So many families have been touched by cancer that just the mention of the word is scary to hear and often feels like a death sentence. While this is not always the case and many cancers are treatable, the fear is often tied to better known risk factors and more awareness. This week, actress Angelina Jolie brought that reality to the forefront by going public with a personal decision she made.
Jolie is a carrier of the gene defect (BRCA1) that greatly increases the risk of breast and ovarian cancer. According to reports, once the genetic marker was found, Jolie was given an 87% risk of breast cancer and a 50% risk of ovarian cancer. With surgery, her risk dropped below 5%. The risk is different for every woman. The AP reported that while Jolie’s risk is high, only 5% to ten percent of all breast cancers are linked to the BRCA1 and BRCA 2 genes. The gene mutation is rare.
Jolie, given the odds, had a double mastectomy and reconstruction surgery. Her mother died at age 56 from ovarian cancer and Jolie wanted to increase her chances of being alive to raise her children. She felt empowered by the decision and went public to help other women know their options.
Dr. Lyndsay Harris, The Director of the Breast Cancer Program at Case Western Reserve University wants you to know that there are other options for those with a family history of breast cancer—regular screenings every six months with mammograms alternating with MRI, medical therapy to greatly reduce the risk of developing breast cancer, and removing the ovaries to prevent ovarian and breast cancer.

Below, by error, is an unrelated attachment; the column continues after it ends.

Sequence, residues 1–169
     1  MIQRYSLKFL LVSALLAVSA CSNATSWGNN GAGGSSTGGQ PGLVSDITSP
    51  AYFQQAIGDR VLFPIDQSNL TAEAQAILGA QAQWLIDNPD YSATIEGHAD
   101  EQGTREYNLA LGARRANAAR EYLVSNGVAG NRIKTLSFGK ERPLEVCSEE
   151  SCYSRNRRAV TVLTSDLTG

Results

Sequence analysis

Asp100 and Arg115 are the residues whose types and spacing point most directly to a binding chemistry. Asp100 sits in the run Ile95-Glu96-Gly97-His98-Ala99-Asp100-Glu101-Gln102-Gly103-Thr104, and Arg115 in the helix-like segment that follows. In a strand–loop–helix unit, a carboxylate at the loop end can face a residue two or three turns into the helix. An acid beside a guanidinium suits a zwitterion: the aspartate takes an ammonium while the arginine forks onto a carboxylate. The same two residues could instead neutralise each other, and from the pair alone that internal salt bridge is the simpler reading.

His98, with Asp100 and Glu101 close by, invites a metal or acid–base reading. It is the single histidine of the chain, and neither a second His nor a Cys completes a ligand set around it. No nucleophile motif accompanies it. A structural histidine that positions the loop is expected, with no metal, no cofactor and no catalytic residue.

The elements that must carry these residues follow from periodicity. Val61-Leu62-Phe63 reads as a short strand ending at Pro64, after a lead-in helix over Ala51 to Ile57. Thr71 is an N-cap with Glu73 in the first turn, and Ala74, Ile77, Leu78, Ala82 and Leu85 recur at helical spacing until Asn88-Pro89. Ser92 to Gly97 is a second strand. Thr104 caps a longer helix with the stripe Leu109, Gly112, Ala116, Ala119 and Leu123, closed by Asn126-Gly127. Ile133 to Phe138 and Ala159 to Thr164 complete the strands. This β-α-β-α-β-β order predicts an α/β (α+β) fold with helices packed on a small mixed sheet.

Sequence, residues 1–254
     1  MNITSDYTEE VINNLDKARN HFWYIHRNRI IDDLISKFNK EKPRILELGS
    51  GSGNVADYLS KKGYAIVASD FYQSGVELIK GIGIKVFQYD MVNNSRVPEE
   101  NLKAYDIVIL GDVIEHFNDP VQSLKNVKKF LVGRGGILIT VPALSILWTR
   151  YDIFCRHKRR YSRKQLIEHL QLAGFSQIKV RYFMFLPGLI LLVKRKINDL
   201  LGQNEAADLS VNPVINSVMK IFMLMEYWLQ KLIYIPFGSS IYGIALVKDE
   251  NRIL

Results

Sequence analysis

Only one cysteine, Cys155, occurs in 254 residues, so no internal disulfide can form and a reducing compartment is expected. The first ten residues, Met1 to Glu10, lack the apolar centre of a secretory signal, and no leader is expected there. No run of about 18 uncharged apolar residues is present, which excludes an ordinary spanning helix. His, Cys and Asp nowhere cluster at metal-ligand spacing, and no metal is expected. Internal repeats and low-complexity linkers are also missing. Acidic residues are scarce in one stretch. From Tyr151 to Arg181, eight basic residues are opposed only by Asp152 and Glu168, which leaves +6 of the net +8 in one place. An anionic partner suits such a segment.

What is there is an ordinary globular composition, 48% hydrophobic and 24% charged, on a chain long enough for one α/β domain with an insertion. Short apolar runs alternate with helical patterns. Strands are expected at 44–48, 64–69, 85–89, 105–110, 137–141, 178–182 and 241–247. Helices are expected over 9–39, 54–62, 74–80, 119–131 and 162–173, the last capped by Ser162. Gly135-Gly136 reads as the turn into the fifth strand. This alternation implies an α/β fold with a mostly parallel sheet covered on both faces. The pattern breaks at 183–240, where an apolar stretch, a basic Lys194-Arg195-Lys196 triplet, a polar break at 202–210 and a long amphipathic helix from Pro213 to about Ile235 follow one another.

In the end, what may have been right for Jolie, may not be right for other women.
When my mom was given a cancer diagnosis twice in her life, we naturally felt afraid. But as a Christian family, we took this fear to God. We prayed for healing, we consulted doctors, agreed to certain procedures and said NO to others. We allowed the Holy Spirit to lead us. Both times my mom was healed of cancer. She lived to be almost 85 and did not die from cancer. Others I know, had different outcomes and their faith and petitions to God were no less than ours. Ultimately, God holds our days in His hands.
For the Christian, the decision regarding prevention and treatment needs to be steeped in prayer, not fear-based, but made with solid information and wise counsel from treating physicians. CANCER is a word that challenges our propensity to fear. The words of 2 Timothy 1:7, encourage us not to react in fear, not be empowered in our own strength, but depend on God to lead and guide us. God has not given us a spirit of fear, but of power, love and a sound mind. If you are facing the risk of cancer, be empowered by our God, who alone is wise.
Do not be anxious about anything (cancer), but in every situation, by prayer and petition, with thanksgiving, present your requests to God (decisions). And the peace of God, which transcends all understanding, will guard your hearts and your minds in Christ Jesus. Philippians 4: 6-7.
People of faith are not alone in decision-making. God listens to our requests and asks us to bring all things to Him in prayer. If you face a tough decision like Angelina did, take it to God in prayer. Be led by His Spirit. Whatever you feel led to to do, rest in His peace.